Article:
When placing a new employee, Haapala Rees takes into account her years of experience and conducts technical interviews. She also considers whether the applicant already has a following. “If you have a pretty full book when you start we can place you into the second level,” she says by way of example. “If you have experience and a good technical interview but no clientele, we have different prices within each level so we may start you at a higher price in the lower level.”
To determine the different prices, the owners first calculated the overall cost of running the salon and then assigned a specific cost to each station by figuring out the number of bookable hours there are per station each week and the average ticket per station for each department. From there, the owners calculated the bottom line each station had to generate per hour. “Thai’s how we came up with the lowest prices and from there we figured out the next best levels for pricing based on people’s experiences and services, etc.,” Haapala Rees notes.
Haapala Rees feels the system helps Spectrums Of ... retain nail technicians in a competitive market because there’s always a new goal to work toward. As for clients, the front desk tries to simplify it as much as possible. “If a client asks about prices they’ll explain it, but we start off by asking when is a good time for them to come and figuring out what we can offer them at that time,” she says. “You’d be surprised, though, by how many people call asking for someone with experience.”
In Haapala Rees’ opinion, the system would work in any salon, depending less on whether a salon is discount or high-end than on the support the salon offers. “It all depends on how much training you provide, the product knowledge you offer, and the opportunities you create,” she asserts. “It just takes working out the numbers and inspiring your technicians to build their books and train.”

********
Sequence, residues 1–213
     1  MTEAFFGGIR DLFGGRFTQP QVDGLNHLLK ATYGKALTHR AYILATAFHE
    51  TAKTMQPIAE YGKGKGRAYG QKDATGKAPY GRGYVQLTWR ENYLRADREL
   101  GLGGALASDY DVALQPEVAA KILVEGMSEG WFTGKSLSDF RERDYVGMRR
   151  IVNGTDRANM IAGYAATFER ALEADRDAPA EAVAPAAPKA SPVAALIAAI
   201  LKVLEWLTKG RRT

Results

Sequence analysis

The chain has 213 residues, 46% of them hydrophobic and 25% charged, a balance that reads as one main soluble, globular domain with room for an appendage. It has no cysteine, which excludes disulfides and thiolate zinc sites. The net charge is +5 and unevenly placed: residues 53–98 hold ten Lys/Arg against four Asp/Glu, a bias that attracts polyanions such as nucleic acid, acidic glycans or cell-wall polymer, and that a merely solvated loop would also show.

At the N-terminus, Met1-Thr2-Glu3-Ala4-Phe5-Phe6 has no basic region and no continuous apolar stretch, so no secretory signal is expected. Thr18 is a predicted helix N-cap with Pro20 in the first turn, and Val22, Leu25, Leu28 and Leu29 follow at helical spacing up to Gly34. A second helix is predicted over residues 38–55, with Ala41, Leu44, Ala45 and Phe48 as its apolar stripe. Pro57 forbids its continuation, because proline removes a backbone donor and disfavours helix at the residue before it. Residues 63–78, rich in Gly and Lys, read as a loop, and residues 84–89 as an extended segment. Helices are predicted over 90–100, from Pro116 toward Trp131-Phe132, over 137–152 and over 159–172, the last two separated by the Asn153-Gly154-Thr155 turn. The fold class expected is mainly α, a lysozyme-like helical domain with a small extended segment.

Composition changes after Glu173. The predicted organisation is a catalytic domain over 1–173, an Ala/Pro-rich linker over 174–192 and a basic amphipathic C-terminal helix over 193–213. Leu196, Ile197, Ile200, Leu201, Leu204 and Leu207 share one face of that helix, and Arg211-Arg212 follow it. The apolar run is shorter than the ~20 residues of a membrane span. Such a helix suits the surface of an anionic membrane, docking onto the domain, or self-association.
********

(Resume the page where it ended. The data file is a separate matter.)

If They Can’t Move Up, They Move Out
That pretty much sums up Denise Drewno’s appreciation of multi-level pricing. “We used to start people at a base and then they’d work up to the highest commission level we had,” she says. “It got to the point that when people reached that top level they’d quit. We decided that if you have a full book you should be able to raise your prices and get a 10%-15% increase in volume.”
Like Spectrums Of, Premier Salons has three different price levels. To get to the second level, technicians need a minimum request rate of 75%; for the top level they need 90%. Premier chose to integrate the different levels with its previous system of tiered commissions based on volume so technicians would have two different ways to grow their income. “When they reach our fourth commission level of 50%, they move up to Master Nail Tech,” explains Drewno, vice president of salon operations for the chain’s Detroit metro area. “That allows them to achieve a larger volume and puts them well on their way to the next commission level. We’re trying to make our pay plan competitive enough so that their pay or price level changes every six months.
“To keep someone, you have to let them grow,” she continues. “It usually takes someone two years to move up to Master Nail Technician.” To qualify, nail technicians have to meet the criteria of their current pay level, be current with their training, be a team player, and have their manager’s endorsement. And, of course, it ties in with their request rate.
For simplicity’s sake, new customers are charged the salon’s base price regardless of their level. “For example, if you want a nail repaired and I put you in with Christine, a master nail tech, she will explain at the end of the service that she has charged you the salon’s base price and that she’d love to see you again but that her prices are higher,” Drewno says.